February 6, 2020
A bill introduced in the House of Representatives would impose extensive new audits and reporting requirements on generic promotion programs like the American Egg Board. It also would prohibit checkoff programs from contracting with any entity that engages in lobbying, even if the lobbying is completely separate from the use of checkoff funds. The bill, H.R. 5563, introduced by Rep. Dina Titus (D-NV), is a companion measure to legislation introduced last year by Sen. Mike Lee (R-UT) and Sens. Cory Booker (D-NJ), Rand Paul (R-KY) and Elizabeth Warren (D-MA).
All checkoff programs are already prohibited from lobbying or paying others to do so, and the U.S. Department of Agriculture recently published extensive guidelines on that and many other policies. Under the proposed legislation, a checkoff program would be prohibited from working with an anti-hunger group like Feeding America or an education organization like the School Nutrition Association, since employees of these groups engage in lobbying. They do not, and cannot, lobby with checkoff funds, but under the proposed legislation, that would not matter.
Checkoff programs are audited already, but the bill would create two additional and separate audits, one by USDA’s Office of the Inspector General and another by the Government Accountability Office, that would cover essentially the same topics. The bill requires not only budgets but also all “disbursements of funds” by checkoff boards to be made public immediately. If read literally, the legislation seems to require that any time a board writes a check to any vendor, no matter how small, there would be separate public reporting of its amount, purpose, activities to be funded, the identity of the payee and “any other parties that may receive the disbursed funds.” The legislation does not distinguish between large disbursements and small ones, nor does it appear to allow one-time reporting of recurring expenses. Under a literal reading, checkoff boards would have to file separate public reports each month when they paid their office rent as an example. Other reports would be required for their monthly utility bills.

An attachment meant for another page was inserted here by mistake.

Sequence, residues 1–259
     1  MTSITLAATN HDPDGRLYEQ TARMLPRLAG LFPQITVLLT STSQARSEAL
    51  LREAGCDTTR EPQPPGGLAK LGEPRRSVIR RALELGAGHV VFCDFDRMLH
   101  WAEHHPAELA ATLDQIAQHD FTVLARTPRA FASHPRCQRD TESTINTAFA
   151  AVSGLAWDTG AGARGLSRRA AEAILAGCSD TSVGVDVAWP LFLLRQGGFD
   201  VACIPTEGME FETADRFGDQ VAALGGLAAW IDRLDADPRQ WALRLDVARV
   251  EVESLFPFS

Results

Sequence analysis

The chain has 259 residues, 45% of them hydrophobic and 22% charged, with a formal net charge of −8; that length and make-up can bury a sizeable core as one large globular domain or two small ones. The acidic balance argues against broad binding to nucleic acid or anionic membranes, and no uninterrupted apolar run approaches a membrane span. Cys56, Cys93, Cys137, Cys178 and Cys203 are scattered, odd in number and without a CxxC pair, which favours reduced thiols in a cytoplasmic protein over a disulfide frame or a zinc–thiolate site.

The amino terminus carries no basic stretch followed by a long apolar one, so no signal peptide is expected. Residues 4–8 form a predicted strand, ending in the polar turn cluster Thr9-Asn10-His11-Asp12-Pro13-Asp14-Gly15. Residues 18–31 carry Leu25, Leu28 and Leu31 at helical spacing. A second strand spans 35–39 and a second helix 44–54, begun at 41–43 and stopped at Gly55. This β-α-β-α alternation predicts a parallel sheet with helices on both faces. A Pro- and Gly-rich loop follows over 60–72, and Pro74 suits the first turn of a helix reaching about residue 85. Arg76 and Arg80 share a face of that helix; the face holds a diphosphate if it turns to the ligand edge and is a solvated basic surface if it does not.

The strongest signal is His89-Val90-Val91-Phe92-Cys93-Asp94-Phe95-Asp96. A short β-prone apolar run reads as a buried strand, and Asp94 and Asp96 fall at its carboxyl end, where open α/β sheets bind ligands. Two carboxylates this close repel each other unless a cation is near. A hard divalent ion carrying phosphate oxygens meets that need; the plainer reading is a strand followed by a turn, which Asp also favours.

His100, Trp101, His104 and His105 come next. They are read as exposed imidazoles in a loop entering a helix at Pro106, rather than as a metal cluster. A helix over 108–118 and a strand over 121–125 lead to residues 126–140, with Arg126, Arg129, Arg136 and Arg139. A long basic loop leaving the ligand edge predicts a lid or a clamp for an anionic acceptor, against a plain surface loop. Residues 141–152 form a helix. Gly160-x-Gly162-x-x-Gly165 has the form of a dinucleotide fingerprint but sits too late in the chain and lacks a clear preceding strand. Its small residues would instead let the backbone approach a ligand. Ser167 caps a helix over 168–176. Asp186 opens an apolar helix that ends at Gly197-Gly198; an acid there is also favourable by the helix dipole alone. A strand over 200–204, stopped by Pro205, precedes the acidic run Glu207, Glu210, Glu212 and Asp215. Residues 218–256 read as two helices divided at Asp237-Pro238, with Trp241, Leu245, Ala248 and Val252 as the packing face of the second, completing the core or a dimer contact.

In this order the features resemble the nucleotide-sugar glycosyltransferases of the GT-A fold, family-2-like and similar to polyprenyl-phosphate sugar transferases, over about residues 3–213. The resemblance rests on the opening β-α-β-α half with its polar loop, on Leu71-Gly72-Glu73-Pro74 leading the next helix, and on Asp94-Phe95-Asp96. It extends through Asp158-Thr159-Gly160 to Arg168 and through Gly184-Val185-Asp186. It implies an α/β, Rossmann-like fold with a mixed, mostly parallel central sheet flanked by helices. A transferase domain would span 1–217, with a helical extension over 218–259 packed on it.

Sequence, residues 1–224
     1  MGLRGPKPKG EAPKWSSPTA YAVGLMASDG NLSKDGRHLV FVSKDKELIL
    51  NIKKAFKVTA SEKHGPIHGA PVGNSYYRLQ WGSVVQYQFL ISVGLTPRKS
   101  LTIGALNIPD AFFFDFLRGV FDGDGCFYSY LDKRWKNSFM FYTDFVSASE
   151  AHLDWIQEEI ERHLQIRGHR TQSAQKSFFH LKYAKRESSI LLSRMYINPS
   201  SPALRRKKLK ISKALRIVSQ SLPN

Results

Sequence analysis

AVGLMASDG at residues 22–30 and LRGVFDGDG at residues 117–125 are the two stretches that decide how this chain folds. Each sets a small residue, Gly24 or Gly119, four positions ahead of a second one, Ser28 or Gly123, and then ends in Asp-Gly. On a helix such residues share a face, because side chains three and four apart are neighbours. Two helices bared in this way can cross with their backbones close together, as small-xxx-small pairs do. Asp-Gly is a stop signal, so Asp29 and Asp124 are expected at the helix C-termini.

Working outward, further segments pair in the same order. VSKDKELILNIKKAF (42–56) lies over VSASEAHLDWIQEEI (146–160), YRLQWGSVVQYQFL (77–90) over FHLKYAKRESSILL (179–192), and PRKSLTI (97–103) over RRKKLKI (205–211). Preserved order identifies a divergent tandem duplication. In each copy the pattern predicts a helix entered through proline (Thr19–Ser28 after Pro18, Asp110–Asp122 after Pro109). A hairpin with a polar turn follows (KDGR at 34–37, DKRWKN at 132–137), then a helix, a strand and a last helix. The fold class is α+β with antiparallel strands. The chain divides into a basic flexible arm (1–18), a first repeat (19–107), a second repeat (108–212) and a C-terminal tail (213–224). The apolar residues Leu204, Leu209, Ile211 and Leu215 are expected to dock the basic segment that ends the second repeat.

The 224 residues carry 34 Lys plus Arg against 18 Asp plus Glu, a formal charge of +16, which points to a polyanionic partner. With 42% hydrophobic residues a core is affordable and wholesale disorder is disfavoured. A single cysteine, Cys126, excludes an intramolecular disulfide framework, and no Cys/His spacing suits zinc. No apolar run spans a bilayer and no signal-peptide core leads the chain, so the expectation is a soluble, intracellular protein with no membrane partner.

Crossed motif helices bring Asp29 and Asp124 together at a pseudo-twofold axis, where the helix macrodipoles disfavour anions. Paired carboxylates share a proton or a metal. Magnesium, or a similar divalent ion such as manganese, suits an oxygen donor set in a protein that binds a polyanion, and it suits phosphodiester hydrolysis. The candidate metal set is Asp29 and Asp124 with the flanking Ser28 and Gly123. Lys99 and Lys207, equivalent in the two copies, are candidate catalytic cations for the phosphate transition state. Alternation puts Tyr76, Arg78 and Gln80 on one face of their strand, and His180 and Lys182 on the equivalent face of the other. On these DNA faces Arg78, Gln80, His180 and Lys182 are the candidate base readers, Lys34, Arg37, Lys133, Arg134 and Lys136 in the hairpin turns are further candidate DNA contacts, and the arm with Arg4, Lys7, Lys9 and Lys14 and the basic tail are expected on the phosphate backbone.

UEP has successfully opposed similar legislation in past Congresses, and the UEP Board voted to make opposition to anti-checkoff bills a priority again during the upcoming May UEP legislative meetings in Washington, D.C.
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